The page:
Data from a survey of 43,000 U.S. adults heighten concerns that early alcohol use, independent of other risk factors, may contribute to the risk of developing future alcohol problems. Those who began drinking in their early teens were not only at greater risk of developing alcohol dependence at some point in their lives, they were also at greater risk of developing dependence more quickly and at younger ages, and of developing chronic, relapsing dependence. Among all respondents who developed alcoholism at some point, almost half (47 percent) met the diagnostic criteria for alcohol dependence (alcoholism) by age 21.
The associations between early drinking and later problems held even after investigators controlled for other risk factors for dependence, adding to concerns that drinking at a young age might raise the risk of future alcohol problems rather than being an identifying feature of young people predisposed to risky behavior. The study appears in the July issue of Archives of Pediatrics & Adolescent Medicine, Volume 160, pages 739-746.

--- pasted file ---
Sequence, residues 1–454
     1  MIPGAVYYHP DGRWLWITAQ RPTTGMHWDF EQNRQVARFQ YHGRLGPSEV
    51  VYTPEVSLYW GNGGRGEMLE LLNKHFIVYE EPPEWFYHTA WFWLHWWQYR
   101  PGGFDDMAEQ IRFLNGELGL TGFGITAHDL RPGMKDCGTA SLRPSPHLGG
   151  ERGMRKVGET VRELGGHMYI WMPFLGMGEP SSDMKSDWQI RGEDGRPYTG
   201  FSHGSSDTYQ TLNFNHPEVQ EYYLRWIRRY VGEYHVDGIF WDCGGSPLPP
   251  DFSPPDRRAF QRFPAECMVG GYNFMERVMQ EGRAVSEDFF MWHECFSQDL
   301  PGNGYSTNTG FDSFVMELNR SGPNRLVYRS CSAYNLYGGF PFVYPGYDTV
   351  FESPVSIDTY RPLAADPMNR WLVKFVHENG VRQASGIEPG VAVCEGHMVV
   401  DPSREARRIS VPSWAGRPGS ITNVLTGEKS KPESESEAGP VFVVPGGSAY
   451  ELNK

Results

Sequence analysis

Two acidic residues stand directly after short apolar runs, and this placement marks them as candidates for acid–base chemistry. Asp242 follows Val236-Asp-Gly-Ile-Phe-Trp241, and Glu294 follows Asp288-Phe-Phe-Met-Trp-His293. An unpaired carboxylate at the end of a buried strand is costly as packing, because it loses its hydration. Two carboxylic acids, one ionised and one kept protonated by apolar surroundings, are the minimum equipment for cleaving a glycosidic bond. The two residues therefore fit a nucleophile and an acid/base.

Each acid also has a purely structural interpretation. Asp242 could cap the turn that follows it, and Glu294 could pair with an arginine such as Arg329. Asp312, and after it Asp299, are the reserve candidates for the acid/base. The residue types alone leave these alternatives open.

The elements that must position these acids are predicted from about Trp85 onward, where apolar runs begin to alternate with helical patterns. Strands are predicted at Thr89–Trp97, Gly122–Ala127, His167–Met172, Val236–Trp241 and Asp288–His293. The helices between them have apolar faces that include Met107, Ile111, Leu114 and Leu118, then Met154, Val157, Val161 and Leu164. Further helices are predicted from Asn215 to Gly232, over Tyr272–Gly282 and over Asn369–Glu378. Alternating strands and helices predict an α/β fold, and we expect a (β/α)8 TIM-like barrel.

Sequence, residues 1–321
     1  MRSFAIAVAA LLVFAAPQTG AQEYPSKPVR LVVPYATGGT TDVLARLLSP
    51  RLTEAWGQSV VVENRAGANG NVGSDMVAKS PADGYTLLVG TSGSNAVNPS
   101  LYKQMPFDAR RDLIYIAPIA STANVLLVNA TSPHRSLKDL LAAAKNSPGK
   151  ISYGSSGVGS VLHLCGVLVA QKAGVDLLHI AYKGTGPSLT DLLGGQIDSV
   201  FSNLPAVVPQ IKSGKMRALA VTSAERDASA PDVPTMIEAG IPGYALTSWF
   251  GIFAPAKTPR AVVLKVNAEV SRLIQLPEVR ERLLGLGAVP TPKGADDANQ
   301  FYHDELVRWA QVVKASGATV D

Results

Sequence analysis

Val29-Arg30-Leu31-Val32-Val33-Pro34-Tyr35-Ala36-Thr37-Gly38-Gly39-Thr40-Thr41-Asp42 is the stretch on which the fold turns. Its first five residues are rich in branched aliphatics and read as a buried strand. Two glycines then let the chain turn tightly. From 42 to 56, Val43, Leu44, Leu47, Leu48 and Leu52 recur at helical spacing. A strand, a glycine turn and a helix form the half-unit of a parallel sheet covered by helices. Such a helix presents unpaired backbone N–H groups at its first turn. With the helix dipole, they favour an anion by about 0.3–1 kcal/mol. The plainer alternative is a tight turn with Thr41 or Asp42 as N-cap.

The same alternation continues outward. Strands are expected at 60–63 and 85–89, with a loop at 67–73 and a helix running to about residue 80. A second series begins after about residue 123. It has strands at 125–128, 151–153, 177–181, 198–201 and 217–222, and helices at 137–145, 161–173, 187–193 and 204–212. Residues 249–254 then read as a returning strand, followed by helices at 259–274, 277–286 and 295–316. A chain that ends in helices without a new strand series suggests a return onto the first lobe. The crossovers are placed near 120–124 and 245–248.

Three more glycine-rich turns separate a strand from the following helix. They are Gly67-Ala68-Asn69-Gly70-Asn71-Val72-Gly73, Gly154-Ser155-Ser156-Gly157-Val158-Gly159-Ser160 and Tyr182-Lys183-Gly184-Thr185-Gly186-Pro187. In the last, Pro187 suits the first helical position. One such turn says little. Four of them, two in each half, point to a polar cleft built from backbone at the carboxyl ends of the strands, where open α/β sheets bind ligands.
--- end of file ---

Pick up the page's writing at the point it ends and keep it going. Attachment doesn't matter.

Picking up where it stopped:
Elias Zerhouni, M.D., director of the NIH, said, "This is a very good example of how insights gained from health research can inform public policy. Converging research suggests that youthful drinking is associated with an increased risk of long-term, not just acute, health consequences.
Scientists at the Boston University School of Public Health and Youth Alcohol Prevention Center, led by Dr. Ralph Hingson,* carried out the analysis using data from the 2001-2002 National Epidemiologic Survey on Alcohol and Related Conditions (NESARC), a representative survey of the U.S. civilian noninstitutionalized population aged 18 years and older.
NESARC involved face to face interviews with adults ages 18 and older. The survey used questions based on diagnostic criteria for alcohol abuse and alcohol dependence from the American Psychiatric Association's Diagnostic and Sta
Contact: Charlotte Armstrong
NIH/National Institute on Alcohol Abuse and Alcoholism